Lively and inviting, cussing hard and laughing harder, Parrish was a beautiful tribute to creativity and original thinking. She was comfortable living alone. That said, she very much enjoyed a good conversation, about cooking, jazz, painting, movement, books, or the environment and our carbon imprint. She was adamant that we as a community should not feel powerless, and wrote to local papers about climate change, what we as a community could do, never just a complaint, always gentle, well researched, substantive.
Parrish played jazz on her keyboard with abandon, having played the piano all of her life. She was often frustrated that she couldn’t find difficult enough sheet music. Her daughter Heidi said she handled knitting the same way. Not able to find patterns challenging enough, she’d just go it alone and make them up.
From a review by Parrish on eBay:
“Probably my favourite collection of all times. Almost every number makes me smile with delight – Pascal Wetzel’s transcriptions are luscious – wish I could find more from him. I leave the piano with a grin on my face and goosebumps on my arm. I only play Brubeck, McPartland, and Bill Evans now, after about 50 years of classical playing. Didn’t do a lot of grinning with Mozart or Beethoven…”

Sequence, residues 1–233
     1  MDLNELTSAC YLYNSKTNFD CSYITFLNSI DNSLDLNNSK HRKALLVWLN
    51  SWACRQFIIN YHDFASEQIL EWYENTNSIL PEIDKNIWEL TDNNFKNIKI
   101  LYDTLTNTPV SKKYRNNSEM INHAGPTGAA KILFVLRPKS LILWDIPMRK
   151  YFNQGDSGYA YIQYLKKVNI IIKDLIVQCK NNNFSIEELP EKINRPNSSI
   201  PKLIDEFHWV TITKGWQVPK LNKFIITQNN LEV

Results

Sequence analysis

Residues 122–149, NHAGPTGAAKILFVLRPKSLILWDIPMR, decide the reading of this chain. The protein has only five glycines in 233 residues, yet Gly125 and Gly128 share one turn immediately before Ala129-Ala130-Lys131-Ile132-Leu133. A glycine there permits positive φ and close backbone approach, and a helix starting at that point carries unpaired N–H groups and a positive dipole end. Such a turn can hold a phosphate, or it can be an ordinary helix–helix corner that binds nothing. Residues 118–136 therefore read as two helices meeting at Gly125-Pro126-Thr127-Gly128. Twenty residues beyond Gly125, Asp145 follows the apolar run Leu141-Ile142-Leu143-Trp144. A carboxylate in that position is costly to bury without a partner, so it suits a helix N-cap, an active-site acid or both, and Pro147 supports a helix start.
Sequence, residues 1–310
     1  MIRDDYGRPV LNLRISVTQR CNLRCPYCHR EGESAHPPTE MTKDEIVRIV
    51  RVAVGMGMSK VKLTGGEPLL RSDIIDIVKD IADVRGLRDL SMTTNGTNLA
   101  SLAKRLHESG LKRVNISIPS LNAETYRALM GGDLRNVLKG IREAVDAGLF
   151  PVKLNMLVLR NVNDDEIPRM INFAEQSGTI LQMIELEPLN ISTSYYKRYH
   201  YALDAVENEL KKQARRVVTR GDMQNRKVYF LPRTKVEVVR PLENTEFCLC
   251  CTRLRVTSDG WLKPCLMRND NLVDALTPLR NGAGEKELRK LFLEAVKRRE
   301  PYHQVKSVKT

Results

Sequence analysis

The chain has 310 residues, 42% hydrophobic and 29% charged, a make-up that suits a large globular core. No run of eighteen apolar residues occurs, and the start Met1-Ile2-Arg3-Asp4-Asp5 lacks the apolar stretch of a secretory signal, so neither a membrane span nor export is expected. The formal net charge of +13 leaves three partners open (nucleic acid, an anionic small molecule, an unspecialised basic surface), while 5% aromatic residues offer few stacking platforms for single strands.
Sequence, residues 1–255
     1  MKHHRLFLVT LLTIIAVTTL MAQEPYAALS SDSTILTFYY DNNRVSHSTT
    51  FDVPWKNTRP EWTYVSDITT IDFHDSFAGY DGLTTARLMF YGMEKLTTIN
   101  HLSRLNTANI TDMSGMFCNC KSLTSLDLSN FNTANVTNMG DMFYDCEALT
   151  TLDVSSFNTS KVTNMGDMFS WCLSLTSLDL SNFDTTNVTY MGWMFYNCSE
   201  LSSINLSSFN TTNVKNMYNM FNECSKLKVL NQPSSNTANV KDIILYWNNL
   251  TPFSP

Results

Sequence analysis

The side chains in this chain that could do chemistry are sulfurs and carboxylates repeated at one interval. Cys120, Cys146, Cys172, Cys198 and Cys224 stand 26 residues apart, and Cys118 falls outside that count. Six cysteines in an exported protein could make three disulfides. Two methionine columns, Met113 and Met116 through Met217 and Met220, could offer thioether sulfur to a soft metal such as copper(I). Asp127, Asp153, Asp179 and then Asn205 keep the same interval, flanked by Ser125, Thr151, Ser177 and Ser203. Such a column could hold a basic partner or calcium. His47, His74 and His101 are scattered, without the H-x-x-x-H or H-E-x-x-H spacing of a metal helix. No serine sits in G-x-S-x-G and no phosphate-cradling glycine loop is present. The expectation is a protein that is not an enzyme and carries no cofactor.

From an exhibit flyer in 2004, Asheville Gallery of Art, where Parrish’s art was being exhibited:
“Out of this World consists of a series of watercolor paintings on canvas and paper, based on views from the Hubble telescope, NASA, and other astronomical sources.
Rhodes taught herself to paint in the 1980’s to express her delight at being on the Isle of Wight, a small island off the coast of England. In the mid 1990’s she moved to New Zealand to study the Maori language. While there she began teaching watercolor classes at the local art clubs, and exhibiting and selling in local art galleries. Rhodes has painted and exhibited in England, Australia, Canada, and Germany [and more recently in Asheville and Hendersonville].
She became well known for the success of classes she taught in “right brain” drawing, basic watercolor, and experimental watercolor. Rhodes firmly believes that Betty Edwards’ “right brain” approach should be learned and taught by all elementary school teachers so that children will grow up with creativity as an integral part of their consciousness.”